Phthalates are one of the most common groups of chemical pollutants in our homes, and are found everywhere in the Western world. We should be extremely wary of these chemicals if we want to prevent health problems at home.
This group includes chemicals such as diethyl hexyl phthalate (DEHP), di-isononyl phthalate (DINP), di-isodecyl phthalate (DIDP), dimethyl phthalate (DMP), diethyl phthalate (DEP) and dibutyl phthalate (DBP). Every year, hundreds of thousands of tonnes of phthalates in numerous products, the majority of which are used in our homes, are used in Europe alone. These chemicals can make up a large proportion (up to 30%) of the weight of some plastics e.g. PVC, softeners or plasticisers. They are also emitted from surfaces covered in these plastics, which are widely used in many homes.
They can be found in many other items including: glues and adhesives, electronic devices, building materials, cleaning products, personal care products (gels, shampoos, soaps, lotions, cosmetics etc.), perfumes, packaging, water bottles, paint, varnishes, toys, modelling clay, wax, printer ink, clothes and fabrics, air fresheners and pesticides. Some other studies have found phthalates to be abundant in household dust. They can enter the bloodstream if we inhale them or when we apply products which contain these chemicals to our skin.
There are an enormous number of scientific studies which link this group of chemicals to some health problems, particularly their hormone-disrupting effects. The European Union has banned the use of phthalates in items such as dummies, baby bottle tops and rattles but, for other uses, there are no restrictive measures in place despite the omnipresence of these chemicals in the home e.g. in children’s bedrooms (as well as outside the home, in nurseries for example, where items such as floors, vinyl-covered walls, toys, airbeds, plastic tablecloths etc. may also contain phthalates).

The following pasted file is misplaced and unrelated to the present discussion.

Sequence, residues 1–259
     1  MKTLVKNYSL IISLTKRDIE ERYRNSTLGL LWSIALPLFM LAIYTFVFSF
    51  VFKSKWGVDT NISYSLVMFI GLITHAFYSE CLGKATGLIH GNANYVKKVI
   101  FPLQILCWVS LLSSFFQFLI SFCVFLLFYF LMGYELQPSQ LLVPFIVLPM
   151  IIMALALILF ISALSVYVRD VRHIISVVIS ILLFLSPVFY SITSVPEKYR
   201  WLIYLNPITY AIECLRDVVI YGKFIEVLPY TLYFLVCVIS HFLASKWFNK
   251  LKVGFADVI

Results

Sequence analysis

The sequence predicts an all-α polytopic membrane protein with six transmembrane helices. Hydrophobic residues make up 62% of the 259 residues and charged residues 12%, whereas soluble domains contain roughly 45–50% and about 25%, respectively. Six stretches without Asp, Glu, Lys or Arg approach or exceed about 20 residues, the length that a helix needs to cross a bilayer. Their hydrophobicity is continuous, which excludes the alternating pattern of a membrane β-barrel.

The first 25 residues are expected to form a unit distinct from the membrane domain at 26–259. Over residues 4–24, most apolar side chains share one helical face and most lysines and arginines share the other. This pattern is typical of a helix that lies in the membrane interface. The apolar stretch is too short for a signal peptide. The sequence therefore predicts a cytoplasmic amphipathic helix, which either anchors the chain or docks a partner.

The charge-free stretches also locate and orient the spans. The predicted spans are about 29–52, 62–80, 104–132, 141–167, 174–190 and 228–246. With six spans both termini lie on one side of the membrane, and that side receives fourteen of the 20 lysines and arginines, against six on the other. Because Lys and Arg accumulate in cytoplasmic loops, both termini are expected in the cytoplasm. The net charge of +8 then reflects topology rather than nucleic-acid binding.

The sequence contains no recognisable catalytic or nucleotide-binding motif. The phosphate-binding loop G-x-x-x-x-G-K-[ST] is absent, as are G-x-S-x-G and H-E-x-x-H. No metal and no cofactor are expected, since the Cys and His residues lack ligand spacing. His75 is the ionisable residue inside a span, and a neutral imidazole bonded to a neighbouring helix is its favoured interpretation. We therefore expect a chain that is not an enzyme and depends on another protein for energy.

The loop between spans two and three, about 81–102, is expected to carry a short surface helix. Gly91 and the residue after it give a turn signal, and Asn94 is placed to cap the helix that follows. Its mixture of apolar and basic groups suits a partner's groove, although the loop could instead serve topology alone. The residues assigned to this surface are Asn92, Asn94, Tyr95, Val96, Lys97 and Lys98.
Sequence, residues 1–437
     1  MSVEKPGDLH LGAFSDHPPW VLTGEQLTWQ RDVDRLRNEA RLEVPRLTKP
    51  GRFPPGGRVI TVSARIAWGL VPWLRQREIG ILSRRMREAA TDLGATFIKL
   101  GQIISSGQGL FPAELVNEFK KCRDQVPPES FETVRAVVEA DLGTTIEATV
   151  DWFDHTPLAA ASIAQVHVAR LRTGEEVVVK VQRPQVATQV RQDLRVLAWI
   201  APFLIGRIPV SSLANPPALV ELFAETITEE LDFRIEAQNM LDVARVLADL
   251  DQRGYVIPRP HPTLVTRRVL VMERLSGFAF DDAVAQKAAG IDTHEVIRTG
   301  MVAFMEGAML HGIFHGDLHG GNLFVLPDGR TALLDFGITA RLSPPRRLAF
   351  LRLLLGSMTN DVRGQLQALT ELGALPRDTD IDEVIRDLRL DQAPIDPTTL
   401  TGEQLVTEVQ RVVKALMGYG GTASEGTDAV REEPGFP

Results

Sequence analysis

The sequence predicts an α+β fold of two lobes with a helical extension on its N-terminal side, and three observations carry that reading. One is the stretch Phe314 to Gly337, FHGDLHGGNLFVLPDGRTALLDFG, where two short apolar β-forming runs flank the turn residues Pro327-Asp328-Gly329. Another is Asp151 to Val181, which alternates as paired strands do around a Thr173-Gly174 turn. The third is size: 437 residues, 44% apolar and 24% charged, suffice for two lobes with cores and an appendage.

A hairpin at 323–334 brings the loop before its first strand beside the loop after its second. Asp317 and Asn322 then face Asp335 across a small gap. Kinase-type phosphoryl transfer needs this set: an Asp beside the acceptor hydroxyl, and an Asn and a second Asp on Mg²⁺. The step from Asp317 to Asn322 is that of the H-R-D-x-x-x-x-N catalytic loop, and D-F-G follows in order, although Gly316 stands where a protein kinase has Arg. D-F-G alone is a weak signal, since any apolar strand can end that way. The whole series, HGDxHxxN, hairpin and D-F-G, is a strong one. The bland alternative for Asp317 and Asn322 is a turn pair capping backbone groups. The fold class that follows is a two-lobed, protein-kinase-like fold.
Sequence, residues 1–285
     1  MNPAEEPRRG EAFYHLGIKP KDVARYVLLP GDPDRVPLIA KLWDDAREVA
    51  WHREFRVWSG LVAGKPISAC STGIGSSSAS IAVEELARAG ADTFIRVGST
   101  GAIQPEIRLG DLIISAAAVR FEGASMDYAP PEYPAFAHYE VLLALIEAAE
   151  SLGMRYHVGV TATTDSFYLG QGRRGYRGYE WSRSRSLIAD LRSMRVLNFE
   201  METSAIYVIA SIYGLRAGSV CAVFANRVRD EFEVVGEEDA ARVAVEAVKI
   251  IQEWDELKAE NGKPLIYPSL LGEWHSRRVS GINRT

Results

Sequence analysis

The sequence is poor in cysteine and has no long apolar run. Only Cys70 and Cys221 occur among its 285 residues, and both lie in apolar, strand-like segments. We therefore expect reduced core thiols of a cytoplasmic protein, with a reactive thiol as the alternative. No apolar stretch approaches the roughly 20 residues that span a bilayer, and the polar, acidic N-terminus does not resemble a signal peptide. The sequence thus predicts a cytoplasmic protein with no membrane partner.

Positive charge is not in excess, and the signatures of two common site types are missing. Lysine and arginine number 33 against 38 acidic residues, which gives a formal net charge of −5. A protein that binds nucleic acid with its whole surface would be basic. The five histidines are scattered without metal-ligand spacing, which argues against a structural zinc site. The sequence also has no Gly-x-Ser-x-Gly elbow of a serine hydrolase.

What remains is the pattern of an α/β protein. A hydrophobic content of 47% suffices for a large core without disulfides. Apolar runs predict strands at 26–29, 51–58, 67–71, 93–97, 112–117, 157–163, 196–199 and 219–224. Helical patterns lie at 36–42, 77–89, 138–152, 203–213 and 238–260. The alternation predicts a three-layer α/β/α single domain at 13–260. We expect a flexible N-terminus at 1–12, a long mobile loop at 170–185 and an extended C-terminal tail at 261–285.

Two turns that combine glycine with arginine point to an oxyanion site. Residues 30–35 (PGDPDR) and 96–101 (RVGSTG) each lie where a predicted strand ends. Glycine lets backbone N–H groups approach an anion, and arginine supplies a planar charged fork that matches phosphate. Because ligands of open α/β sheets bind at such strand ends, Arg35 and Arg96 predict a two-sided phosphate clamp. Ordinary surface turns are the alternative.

Scientific research has linked phthalates to a variety of possible health effects. Often, these effects can occur at relatively low levels of concentration across a wide section of the population, and there have been studies conducted which looked at prenatal exposure as well as exposure as children and as adults. These possible effects include: childhood asthma and allergies, limited lung function in adult males, sperm damage, abnormalities in male genital development (e.g. undescended testicles), change in testosterone levels, gynecomastia in teenage boys, reduced anogenital distance in newborn boys (a symptom of feminisation), behavioural changes (e.g. feminisation in childhood behaviour), early onset puberty (e.g. premature breast development in young girls), endometriosis, breast cancer, defects of ovarian follicles, premature births, low birth weight (which brings a higher risk of infant mortality and of metabolic and cardiovascular problems in adulthood), ADHD, motor and cognitive development problems in childhood, obesity, insulin resistance (linked to diabetes) etc.